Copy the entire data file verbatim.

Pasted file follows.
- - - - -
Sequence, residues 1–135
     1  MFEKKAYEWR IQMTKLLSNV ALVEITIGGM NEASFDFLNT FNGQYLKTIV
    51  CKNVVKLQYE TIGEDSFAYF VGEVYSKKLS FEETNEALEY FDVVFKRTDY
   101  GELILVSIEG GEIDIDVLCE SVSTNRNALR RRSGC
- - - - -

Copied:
Sequence, residues 1–135
     1  MFEKKAYEWR IQMTKLLSNV ALVEITIGGM NEASFDFLNT FNGQYLKTIV
    51  CKNVVKLQYE TIGEDSFAYF VGEVYSKKLS FEETNEALEY FDVVFKRTDY
   101  GELILVSIEG GEIDIDVLCE SVSTNRNALR RRSGC